SINGAPORE — Singapore has moved to urgently amend its COVID-19 legislation to ensure that data obtained from its contact tracing systems can be used only for contact tracing or the investigation of serious criminal offences.
The COVID-19 (Temporary Measures) (Amendment) Bill was tabled Parliament on Monday (1 February) by Dr Vivian Balakrishnan, Minister-in-Charge of the Smart Nation Initiative, on behalf of Law and Home Affairs Minister K Shanmugam. The systems are TraceTogether (TT) programme, which collects proximity data via the TT app and TT token, the Safe Entry national check-in system, and BluePass, a contract tracing system which can interoperate with TT.
The Bill was tabled under a Certificate of Urgency signed by President Halimah Yacob, which will allow for all three readings of it to take place in one sitting. It will be debated in Parliament on Tuesday.
In a separate media release, the Smart Nation and Digital Government Office said the amendments will give legal force to the statements made in Parliament by Dr Balakrishnan and Shanmugam on 5 January that the use to TT data in criminal investigations would be “restricted to serious offences”.
These seven categories of serious offences are:
Unlawful use or possession of corrosive and explosive substances, firearms or dangerous weapons.
An offence relating to the committing, aiding, conspiring, abetting or financing of acts of terrorism under the Terrorism (Suppression of Bombings) Act, Terrorism (Suppression of Financing) Act, and Terrorism (Suppression of Misuse of Radioactive Material) Act.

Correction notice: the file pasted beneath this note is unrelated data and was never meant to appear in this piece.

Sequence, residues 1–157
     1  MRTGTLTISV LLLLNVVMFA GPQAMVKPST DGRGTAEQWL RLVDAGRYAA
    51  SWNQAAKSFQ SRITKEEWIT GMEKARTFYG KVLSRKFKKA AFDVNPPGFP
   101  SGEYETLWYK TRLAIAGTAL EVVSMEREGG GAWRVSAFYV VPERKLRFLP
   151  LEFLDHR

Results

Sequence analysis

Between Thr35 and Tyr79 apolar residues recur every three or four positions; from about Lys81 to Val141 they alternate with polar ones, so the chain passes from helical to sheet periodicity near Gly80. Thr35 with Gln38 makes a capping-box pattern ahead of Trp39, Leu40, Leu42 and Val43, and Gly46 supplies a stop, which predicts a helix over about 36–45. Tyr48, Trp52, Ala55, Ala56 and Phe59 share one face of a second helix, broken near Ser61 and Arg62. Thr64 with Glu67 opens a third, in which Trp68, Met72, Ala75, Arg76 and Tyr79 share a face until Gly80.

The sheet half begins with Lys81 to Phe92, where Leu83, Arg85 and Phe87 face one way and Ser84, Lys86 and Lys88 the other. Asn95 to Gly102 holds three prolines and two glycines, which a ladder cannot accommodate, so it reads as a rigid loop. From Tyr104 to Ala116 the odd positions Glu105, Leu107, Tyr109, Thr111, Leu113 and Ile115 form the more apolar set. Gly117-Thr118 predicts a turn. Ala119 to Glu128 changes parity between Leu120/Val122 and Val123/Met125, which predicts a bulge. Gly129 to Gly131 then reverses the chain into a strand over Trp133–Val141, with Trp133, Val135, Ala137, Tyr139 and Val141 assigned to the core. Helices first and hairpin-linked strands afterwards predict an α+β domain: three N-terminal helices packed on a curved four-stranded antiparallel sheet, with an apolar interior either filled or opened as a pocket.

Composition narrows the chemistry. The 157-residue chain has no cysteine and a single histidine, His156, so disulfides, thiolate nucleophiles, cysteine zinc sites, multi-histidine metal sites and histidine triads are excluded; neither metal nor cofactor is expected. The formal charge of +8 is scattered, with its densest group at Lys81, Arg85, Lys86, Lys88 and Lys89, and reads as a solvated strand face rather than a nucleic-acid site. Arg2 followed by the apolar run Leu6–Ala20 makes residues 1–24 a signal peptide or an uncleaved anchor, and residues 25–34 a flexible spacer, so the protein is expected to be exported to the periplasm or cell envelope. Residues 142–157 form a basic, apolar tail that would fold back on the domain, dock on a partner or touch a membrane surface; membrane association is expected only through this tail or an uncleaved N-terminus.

An offence relating to causing or concealment of death, or maliciously or wilfully causing grievous bodily harm (where the victim’s injury is of a life-threatening nature).
A drug offence that is punishable with death.
An offence relating to escape from custody where there is reasonable belief that the subject will cause imminent harm to others.
Kidnapping, abduction or hostage-taking.
Any form of serious sexual assault such as rape or sexual assault by penetration.
The legislation also guarantees that the government will cease the use of the TT and SE systems once the COVID-19 pandemic is over. At that point, public agencies will have to stop collecting personal contact tracing data and deleted all such collected data “as soon as practicable”.
Also specified in the Bill is that it applies only to data that identifies an individual. It does not prohibit de-identified, aggregated or anonymised data recorded in the digital contact tracing systems, such as the total number of entries in to a shopping mall, from being used in epidemiological research or to monitor the effectiveness of safe management measures, said the release.
The amendments will also see those convicted of unauthorised use or disclosure of personal contact tracing data facing fines of up to $20,000, jail terms of up to two years, or both.
Strong support required
In order for contact tracing to be carried out effectively in Singapore, strong support for and active usage of the TT app and token is needed, said the release.
“The Government is introducing this Bill under extraordinary circumstances. The legislation is intended to remove any doubt about what personal contact tracing data can be used for,” it added.
To date, more than 80 per cent of the country’s resident population have either downloaded the TT app or collected the TT token. Together with other digital contact tracing tools, TT has helped reduce the average time needed for contact tracing from four days to 1.5 days.
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